Beijing will use facial recognition tools to speed up security checks in the city’s overcrowded metro, using a ‘credit system’ to sort passengers into different channels, state-run media reported on Wednesday.

Long queues and commuters arguing with staff over slow security procedures are common sites during rush hour in the metro system of the 20 million-strong metropolis.

Chinese lunar new yera Beijing subway metro map
Passengers look at a huge subway map outside Beijing railway station in the Chinese capital on January 21, 2019, as people begin to head for their hometowns ahead of the Lunar New Year in early February. File photo: Wang Zhao/AFP.

The city plans to install cameras that will scan the faces of passengers as they enter a subway station and sort them into different security channels, said Zhan Minghui, director of the Beijing Rail Traffic Control Center.

He said the plan involves creating a “passenger credit system,” and individuals on a “white list” will be offered expedited security clearance, Beijing Youth Daily reported.

Those who receive “abnormal feedback” after their faces are scanned will be subjected to extra checks.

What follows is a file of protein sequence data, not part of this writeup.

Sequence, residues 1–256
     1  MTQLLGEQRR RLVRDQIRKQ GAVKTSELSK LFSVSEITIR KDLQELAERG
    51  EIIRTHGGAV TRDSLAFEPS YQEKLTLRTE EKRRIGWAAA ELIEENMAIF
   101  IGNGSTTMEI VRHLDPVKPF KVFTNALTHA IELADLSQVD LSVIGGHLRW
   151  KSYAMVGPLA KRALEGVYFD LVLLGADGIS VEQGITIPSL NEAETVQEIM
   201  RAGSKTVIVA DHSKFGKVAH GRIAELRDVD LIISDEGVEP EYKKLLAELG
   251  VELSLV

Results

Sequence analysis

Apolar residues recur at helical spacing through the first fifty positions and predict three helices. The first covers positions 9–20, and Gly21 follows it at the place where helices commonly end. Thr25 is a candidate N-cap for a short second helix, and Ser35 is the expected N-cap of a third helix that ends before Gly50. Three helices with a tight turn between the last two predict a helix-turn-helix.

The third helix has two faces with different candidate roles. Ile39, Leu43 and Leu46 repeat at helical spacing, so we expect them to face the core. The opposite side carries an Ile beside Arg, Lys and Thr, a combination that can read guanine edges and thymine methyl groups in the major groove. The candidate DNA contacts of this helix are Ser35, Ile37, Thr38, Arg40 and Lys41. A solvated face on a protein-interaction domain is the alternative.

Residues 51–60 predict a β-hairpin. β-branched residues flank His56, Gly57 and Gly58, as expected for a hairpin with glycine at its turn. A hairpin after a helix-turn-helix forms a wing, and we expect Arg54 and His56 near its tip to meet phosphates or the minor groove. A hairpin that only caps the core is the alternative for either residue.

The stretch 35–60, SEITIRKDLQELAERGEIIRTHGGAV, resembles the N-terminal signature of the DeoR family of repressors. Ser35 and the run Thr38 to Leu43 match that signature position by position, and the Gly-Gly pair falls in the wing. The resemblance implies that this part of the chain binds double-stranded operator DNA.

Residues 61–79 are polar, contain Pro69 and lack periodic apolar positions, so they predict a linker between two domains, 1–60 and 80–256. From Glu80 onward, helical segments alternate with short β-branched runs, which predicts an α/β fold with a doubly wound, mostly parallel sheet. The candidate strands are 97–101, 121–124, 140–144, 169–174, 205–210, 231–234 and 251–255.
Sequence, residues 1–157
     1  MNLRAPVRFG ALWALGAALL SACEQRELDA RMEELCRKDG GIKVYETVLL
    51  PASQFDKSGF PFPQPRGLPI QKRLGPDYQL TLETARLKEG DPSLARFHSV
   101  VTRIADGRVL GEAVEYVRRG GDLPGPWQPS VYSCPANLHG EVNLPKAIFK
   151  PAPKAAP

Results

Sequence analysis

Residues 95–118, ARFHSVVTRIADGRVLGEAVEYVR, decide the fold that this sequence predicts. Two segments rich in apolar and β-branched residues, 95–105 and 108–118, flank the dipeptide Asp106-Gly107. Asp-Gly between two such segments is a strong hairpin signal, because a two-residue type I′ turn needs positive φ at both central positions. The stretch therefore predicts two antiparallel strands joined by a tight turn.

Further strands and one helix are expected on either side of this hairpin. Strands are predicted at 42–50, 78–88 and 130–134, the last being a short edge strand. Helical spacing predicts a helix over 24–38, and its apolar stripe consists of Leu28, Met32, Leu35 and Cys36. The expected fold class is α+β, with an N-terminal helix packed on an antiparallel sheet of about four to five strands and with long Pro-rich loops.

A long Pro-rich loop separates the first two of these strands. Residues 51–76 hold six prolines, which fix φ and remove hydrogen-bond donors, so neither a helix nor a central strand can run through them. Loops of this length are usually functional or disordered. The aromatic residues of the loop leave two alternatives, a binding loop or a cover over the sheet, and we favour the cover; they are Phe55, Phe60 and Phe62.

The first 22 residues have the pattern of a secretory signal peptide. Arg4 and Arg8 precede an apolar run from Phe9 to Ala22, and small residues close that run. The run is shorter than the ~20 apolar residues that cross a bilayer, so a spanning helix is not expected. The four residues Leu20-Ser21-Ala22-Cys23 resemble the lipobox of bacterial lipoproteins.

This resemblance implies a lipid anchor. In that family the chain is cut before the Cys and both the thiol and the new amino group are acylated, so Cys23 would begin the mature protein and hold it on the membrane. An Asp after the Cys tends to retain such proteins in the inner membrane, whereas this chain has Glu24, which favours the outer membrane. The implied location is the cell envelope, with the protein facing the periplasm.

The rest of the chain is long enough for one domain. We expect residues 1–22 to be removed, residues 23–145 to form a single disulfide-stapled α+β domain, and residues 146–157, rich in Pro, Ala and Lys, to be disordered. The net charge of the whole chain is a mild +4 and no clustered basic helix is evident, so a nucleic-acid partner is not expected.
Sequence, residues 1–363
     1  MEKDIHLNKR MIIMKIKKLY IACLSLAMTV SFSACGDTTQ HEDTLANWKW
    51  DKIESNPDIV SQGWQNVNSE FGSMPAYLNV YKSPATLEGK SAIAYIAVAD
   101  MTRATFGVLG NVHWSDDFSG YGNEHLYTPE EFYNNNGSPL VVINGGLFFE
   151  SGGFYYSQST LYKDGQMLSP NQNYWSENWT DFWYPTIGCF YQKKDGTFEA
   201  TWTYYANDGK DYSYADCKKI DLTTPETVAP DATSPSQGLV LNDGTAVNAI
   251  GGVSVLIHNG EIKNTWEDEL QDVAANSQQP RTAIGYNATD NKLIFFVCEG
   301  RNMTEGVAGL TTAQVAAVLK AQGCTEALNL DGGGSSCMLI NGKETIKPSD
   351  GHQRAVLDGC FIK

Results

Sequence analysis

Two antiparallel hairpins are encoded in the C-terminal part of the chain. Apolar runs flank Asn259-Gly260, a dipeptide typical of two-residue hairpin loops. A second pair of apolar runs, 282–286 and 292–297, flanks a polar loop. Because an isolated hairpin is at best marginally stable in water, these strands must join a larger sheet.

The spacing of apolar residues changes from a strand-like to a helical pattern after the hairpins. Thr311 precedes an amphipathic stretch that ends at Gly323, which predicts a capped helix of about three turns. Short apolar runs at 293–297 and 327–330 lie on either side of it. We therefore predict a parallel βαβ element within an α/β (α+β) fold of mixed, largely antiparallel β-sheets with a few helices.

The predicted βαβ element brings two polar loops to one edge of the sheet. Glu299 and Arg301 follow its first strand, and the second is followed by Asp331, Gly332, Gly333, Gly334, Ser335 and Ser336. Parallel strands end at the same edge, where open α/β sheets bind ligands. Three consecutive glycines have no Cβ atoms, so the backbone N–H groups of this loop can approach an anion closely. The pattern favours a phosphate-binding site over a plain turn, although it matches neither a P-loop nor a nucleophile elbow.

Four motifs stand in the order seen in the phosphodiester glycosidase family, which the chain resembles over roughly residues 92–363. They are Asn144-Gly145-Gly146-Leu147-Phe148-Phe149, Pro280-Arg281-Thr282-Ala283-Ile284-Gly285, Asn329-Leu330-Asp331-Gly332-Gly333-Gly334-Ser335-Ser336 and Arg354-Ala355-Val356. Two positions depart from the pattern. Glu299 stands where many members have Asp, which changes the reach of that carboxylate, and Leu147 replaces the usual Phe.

Zhan did not offer details on the criteria used to sort passengers or what could trigger that type of feedback.

“The technique aims to improve the efficiency of security checks and includes both body checks and luggage screening when large numbers of passengers enter the station,” he told an urban transportation forum in Beijing on Tuesday.

The Beijing subway in May said it has started “deducting credit points” from passengers who eat in railway carriages.

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The Great Hall. File photo: Lukas Messmer/HKFP.

The city’s subway system currently handles over 12 million trips on a workday and the number is expected to increase to 17 million trips by 2022.

Zhan did not offer a timetable for rolling out the technology.

Facial recognition is gaining traction across China, where it is being used for everything from supermarket checkouts to surveillance.

While researchers have warned of the privacy risks associated with gathering facial recognition data, consumers have widely embraced the technology.

The Universal Studios amusement park under construction in Beijing recently said it will admit visitors without a ticket – thanks to cameras that will scan their faces to determine if they paid for entry.

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